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8.03: Molar Mass

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  • Learning Objectives

    • Determine the molar mass for a compound or molecule.
    • Convert from moles to grams and grams to moles.

    In the previous section we defined molar mass as the mass of one mole of anything, or the mass of 6.022 x 1023 of that thing. In this section we're going to look at how this applied to molecules or compounds. 

    Molar Mass

    Molar mass is defined as the mass of one mole of representative particles of a substance. By looking at a periodic table, we can conclude that the molar mass of lithium is \(6.94 \: \text{g}\), the molar mass of zinc is \(65.38 \: \text{g}\), and the molar mass of gold is \(196.97 \: \text{g}\). Each of these quantities contains \(6.02 \times 10^{23}\) atoms of that particular element. The units for molar mass are grams per mole or \(\text{g/mol}\).

    Molar Masses of Compounds

    The molecular formula of the compound carbon dioxide is \(\ce{CO_2}\). One molecule of carbon dioxide consists of 1 atom of carbon and 2 atoms of oxygen. We can calculate the mass of one molecule of carbon dioxide by adding together the masses of 1 atom of carbon and 2 atoms of oxygen.

    \[12.01 \: \text{amu} + 2 \left( 16.00 \: \text{amu} \right) = 44.01 \: \text{amu}\]

    The molecular mass of a compound is the mass of one molecule of that compound. The molecular mass of carbon dioxide is \(44.01 \: \text{amu}\).

    The molar mass of any compound is the mass in grams of one mole of that compound. One mole of carbon dioxide molecules has a mass of \(44.01 \: \text{g}\), while one mole of sodium sulfide formula units has a mass of \(78.04 \: \text{g}\). The molar masses are \(44.01 \: \text{g/mol}\) and \(78.04 \: \text{g/mol}\) respectively. In both cases, that is the mass of \(6.02 \times 10^{23}\) representative particles. The representative particle of \(\ce{CO_2}\) is the molecule, while for \(\ce{Na_2S}\) it is the formula unit.

    Example \(\PageIndex{1}\)

    Calcium nitrate, \(\ce{Ca(NO_3)_2}\), is used as a component in fertilizer. Determine the molar mass of calcium nitrate.


    Step 1: List the known and unknown quantities and plan the problem.


    • Formula \(= \ce{Ca(NO_3)_2}\)
    • Molar mass \(\ce{Ca} = 40.08 \: \text{g/mol}\)
    • Molar mass \(\ce{N} = 14.01 \: \text{g/mol}\)
    • Molar mass \(\ce{O} = 16.00 \: \text{g/mol}\)


    Molar mass \(\ce{Ca(NO_3)_2}\)

    First we need to analyze the formula. Since the \(\ce{Ca}\) lacks a subscript, there is one \(\ce{Ca}\) atom per formula unit. The 2 outside the parentheses means that there are two nitrate ions per formula unit and each nitrate ion consists of one nitrogen atom and three oxygen atoms per formula unit. Thus, \(1 \: \text{mol}\) of calcium nitrate contains \(1 \: \text{mol}\) of \(\ce{Ca}\) atoms, \(2 \: \text{mol}\) of \(\ce{N}\) atoms, and \(6 \: \text{mol}\) of \(\ce{O}\) atoms.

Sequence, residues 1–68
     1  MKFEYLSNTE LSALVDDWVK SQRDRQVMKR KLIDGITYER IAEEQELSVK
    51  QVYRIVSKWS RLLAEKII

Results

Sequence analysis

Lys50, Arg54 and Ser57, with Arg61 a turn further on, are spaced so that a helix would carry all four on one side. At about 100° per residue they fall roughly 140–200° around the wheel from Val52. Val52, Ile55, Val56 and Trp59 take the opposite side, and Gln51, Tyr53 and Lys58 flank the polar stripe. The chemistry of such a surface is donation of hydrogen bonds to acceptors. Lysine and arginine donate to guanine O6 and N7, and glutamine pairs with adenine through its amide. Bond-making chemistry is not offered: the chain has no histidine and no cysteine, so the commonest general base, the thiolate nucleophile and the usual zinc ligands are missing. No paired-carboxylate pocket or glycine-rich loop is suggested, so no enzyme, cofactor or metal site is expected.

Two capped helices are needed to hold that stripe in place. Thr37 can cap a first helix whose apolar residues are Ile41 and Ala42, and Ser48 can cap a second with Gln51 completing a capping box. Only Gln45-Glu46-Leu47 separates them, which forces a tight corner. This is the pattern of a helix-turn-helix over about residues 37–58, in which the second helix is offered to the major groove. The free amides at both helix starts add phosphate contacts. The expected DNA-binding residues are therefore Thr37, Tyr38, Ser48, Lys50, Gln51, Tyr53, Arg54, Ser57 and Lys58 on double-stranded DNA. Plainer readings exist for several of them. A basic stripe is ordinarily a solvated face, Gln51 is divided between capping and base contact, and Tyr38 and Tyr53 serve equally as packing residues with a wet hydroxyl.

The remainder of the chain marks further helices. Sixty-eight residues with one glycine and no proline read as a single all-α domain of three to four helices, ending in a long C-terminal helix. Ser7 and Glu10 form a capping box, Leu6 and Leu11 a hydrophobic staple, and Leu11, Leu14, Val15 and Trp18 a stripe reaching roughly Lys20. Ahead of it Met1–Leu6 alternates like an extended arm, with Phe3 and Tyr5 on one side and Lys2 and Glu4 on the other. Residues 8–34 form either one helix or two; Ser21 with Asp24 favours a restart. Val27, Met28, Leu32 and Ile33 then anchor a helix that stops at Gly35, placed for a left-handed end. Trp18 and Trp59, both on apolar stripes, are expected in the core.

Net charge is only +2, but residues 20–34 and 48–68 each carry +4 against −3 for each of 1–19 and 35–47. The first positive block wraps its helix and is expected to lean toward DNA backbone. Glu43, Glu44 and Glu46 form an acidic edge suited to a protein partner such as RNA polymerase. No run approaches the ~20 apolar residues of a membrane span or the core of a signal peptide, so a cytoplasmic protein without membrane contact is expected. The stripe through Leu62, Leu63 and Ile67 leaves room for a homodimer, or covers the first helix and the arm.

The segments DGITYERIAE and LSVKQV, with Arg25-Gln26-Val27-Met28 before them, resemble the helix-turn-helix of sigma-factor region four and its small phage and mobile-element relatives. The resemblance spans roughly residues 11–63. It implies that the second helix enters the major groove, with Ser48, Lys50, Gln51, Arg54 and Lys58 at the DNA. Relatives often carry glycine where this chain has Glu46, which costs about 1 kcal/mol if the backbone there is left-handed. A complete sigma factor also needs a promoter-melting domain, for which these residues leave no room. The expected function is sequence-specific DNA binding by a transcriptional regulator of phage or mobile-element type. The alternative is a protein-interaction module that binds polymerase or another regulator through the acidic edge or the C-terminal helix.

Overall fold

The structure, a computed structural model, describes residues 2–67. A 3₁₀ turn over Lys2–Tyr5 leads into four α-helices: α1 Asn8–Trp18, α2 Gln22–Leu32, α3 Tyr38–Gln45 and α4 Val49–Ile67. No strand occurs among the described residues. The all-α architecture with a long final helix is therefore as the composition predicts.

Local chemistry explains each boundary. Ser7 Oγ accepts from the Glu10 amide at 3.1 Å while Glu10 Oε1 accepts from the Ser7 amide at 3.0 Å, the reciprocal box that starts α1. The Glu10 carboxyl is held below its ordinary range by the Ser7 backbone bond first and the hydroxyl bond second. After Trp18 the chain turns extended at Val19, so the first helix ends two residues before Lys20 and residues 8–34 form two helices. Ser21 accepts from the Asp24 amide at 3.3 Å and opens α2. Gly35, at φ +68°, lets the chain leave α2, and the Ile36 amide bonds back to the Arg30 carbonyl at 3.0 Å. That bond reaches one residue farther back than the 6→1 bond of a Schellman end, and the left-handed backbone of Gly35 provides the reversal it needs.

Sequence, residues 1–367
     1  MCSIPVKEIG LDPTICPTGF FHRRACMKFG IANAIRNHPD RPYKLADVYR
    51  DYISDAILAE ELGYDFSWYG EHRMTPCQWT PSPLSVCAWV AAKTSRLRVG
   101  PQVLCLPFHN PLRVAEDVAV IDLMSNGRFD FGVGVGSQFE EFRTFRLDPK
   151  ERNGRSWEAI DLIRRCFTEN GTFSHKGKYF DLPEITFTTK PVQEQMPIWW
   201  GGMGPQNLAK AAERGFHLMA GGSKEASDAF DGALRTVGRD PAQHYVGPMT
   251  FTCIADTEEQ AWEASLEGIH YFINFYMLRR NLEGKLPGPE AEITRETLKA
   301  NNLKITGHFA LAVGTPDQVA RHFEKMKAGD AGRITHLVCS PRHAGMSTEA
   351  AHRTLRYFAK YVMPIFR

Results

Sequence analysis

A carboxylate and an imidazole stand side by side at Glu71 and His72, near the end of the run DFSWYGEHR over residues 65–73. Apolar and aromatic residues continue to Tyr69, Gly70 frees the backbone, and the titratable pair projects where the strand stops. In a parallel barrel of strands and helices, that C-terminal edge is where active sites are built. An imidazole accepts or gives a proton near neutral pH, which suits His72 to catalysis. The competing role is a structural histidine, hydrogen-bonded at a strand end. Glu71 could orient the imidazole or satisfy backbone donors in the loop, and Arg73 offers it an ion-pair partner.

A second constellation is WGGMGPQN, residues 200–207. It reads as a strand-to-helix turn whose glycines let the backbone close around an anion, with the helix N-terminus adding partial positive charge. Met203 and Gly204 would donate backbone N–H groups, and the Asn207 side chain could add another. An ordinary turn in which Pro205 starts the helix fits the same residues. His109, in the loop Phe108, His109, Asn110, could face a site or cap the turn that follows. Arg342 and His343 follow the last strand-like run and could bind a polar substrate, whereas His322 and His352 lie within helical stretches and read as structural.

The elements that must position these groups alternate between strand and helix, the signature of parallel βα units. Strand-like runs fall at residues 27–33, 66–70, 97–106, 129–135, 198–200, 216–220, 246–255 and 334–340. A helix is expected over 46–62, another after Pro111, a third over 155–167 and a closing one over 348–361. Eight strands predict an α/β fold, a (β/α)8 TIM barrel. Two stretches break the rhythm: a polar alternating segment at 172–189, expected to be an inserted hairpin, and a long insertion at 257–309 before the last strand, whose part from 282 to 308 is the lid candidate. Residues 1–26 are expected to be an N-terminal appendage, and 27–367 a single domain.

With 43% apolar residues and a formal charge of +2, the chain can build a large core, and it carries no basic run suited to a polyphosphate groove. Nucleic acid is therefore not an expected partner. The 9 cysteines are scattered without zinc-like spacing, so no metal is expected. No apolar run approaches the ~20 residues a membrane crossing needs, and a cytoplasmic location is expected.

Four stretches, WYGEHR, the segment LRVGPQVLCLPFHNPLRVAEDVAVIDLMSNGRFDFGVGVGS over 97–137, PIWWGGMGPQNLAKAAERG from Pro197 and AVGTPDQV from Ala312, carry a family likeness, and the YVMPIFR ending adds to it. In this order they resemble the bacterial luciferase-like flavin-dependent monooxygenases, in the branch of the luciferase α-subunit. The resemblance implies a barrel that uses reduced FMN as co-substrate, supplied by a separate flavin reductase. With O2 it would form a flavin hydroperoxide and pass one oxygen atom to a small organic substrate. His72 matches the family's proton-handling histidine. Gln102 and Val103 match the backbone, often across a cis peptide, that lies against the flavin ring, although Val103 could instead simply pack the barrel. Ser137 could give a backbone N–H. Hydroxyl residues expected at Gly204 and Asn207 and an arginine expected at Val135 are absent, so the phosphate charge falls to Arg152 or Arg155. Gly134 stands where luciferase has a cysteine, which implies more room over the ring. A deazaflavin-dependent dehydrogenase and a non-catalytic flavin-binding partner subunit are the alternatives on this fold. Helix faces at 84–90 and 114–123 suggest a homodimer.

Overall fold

Step 2: Calculate

    Use the molar masses of each atom together with the number of atoms in the formula and add together.

    \[1 \: \text{mol} \: \ce{Ca} \times \frac{40.08 \: \text{g} \: \ce{Ca}}{1 \: \text{mol} \: \ce{Ca}} = 40.08 \: \text{g} \: \ce{Ca}\]

    \[2 \: \text{mol} \: \ce{N} \times \frac{14.01 \: \text{g} \: \ce{N}}{1 \: \text{mol} \: \ce{N}} = 28.02 \: \text{g} \: \ce{N}\]

    \[6 \: \text{mol} \: \ce{O} \times \frac{16.00 \: \text{g} \: \ce{O}}{1 \: \text{mol} \: \ce{O}} = 96.00 \: \text{g} \: \ce{O}\]

    Molar mass of \(\ce{Ca(NO_3)_2} = 40.08 \: \text{g} + 28.02 \: \text{g} + 96.00 \: \text{g} = 164.10 \: \text{g/mol}\)


    Here are some further examples:

    • The mass of a hydrogen atom is 1.0079 amu; the mass of 1 mol of hydrogen atoms is 1.0079 g.
    • Elemental hydrogen exists as a diatomic molecule, H2. One molecule has a mass of 1.0079 + 1.0079 = 2.0158 amu, while 1 mol H2 has a mass of 2.0158 g.
    • A molecule of H2O has a mass of about 18.01 amu; 1 mol H2O has a mass of 18.01 g.
    • A single unit of NaCl has a mass of 58.45 amu; NaCl has a molar mass of 58.45 g.

    In each of these moles of substances, there are 6.022 × 1023 units:

    • 6.022 × 1023 atoms of H
    • 6.022 × 1023 molecules of H2 and H2O,
    • 6.022 × 1023 units of NaCl ions.

    These relationships give us plenty of opportunities to construct conversion factors for simple calculations.


    Example \(\PageIndex{2}\)

    What is the molar mass of C6H12O6?


    To determine the molar mass, we simply add the atomic masses of the atoms in the molecular formula but express the total in grams per mole, not atomic mass units. The masses of the atoms can be taken from the periodic table.

    6 C = 6 × 12.011 = 72.066
    12 H = 12 × 1.0079 = 12.0948
    6 O = 6 × 15.999 = 95.994
    TOTAL = 180.155 g/mol

    Per convention, the unit grams per mole is written as a fraction.

    Exercise \(\PageIndex{2}\)

    What is the molar mass of AgNO3?


    169.87 g/mol


    Knowing the molar mass of a substance, we can calculate the number of moles in a certain mass of a substance and vice versa, as these examples illustrate. The molar mass is used as the conversion factor.

    Example \(\PageIndex{3}\)

    What is the mass of 3.56 mol of HgCl2? The molar mass of HgCl2 is 271.49 g/mol.


    Use the molar mass as a conversion factor between moles and grams. Because we want to cancel the mole unit and introduce the gram unit, we can use the molar mass as given:

    \[3.56\, \cancel{mol\, HgCl_{2}}\times \frac{271.49\, g\, HgCl_{2}}{\cancel{mol\, HgCl_{2}}}=967\, g\, HgCl_{2}\]

    Exercise \(\PageIndex{3}\)

    What is the mass of 33.7 mol of H2O?


    607 g

    Example \(\PageIndex{4}\)

    How many moles of H2O are present in 240.0 g of water (about the mass of a cup of water)?